A Clean, Well Lighted Place is a story of lights and shadows, of the coexistenceof ”being” and ”nothingness”. An old man sits outside the cafe, on theterrace, where all the tables are empty except then one he sits at. He hideshimself in the shadow – the perfect hiding-place, a hide-out for a person whowants to remain invisible and unnoticed to the people he observes. They – theobserved ones – do not even feel his presence, so close and tangible, althoughthere are some who know all about him.
The undisturbed and untroubled peaceof night is his ”prime time”. He feels the difference then. To a deaf personsilence of the night brings relief and consolation after the day full of”noise”. That relief he encounters in the shadow, under the tree, the leafs ofwhich protects him from the electric light, although he is one of these strangepeople who feel the strong need of light in the night. The ill-will andaversion of one of the waiters towards the old man and, on the other hand, themercy and sympathy of the other is the picture how shadow and lightinterpenetrate each other, although they stand out for completely oppositevalues.
The younger of these two has a wife waiting in bed for him, and is notvery willing to stay in the cafe through the whole night, waiting until the lastperson pays the bill and goes home. That is why he is so upset with the old man,who – being already drunk – asks for another and another drink. The hour is whatmatters to him. He wants to go home, to “hide in the shadow” and tofind some kind of peace of mind. In this way he seems to resemble the old man -they both avoid light, for both of them the shadow has got more to do with theirlives than light. The older waiter appears to be the one who assumes a morefriendly attitude towards those people who stay late at the cafe. His deepconviction that there are some who need a light for the night is so strong thatit does not allow him to close up early enough because there may be some one whoneeds the cafe each night. And the fact that there are bodegas (basements) openall night does not influence his way of thinking. This is this cafe that is soattractive to people for it is clean and pleasant. And – what is probably moreimportant – it is well lighted. All such a cafe needs is light. But he alsomentions shadows of the leaves – the shapes created by light – by which hepotentially means the place hidden in the shadow, a shelter for all those whoneed light in the night but observe it being covered by shadow. Light is”being” while shadow is “nothingness”. Those who needs lightare “alive” ones. Those living in the shadow lock themselves in”nothingness”, their escape from the reality. An old man is a mixtureof both. On one hand he stays “alive” late at night sitting in theplace full of light but on the other he secludes himself in”nothingness” since he prefers sitting in the shadow, hidden, coveredand theoretically absent. For the older waiter the reason for staying late atthe cafe and the fact that he does not feel like sleeping, though it is almostdawn, is as simple as illness. At the end of the story he says to himself:”After all ( …) it is probably only insomnia. Many must have it”. Theconclusion that as a matter of fact the whole story is about nothing butsuffering from the particular disease.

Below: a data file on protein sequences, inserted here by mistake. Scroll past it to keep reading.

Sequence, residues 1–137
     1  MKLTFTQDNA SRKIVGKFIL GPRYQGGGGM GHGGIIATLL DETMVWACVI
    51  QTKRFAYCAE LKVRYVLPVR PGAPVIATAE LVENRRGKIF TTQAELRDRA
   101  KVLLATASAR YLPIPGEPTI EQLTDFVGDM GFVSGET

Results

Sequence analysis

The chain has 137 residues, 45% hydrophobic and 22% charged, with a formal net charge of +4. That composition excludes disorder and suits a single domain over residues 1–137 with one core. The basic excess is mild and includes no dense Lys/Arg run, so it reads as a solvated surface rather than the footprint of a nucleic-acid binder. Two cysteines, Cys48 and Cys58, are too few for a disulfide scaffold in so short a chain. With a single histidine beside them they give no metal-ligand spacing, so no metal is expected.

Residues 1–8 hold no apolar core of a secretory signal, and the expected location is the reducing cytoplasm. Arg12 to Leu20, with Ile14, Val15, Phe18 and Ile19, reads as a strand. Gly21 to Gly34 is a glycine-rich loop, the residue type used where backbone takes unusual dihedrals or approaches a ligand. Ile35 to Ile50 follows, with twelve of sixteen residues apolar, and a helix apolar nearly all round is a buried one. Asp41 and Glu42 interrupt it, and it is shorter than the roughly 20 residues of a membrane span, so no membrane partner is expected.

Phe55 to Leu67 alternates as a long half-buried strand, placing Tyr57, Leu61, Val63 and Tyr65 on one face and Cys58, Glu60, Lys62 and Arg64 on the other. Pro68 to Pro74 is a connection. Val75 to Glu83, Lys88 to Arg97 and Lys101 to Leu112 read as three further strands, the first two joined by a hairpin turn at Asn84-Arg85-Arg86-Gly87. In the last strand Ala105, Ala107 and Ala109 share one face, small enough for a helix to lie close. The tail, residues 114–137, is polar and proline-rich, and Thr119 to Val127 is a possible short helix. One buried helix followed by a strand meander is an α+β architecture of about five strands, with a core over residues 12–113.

Cite this Clean Well Lighted Place
Clean Well Lighted Place. (2019, Apr 12). Retrieved from https://graduateway.com/clean-well-lighted-place-2/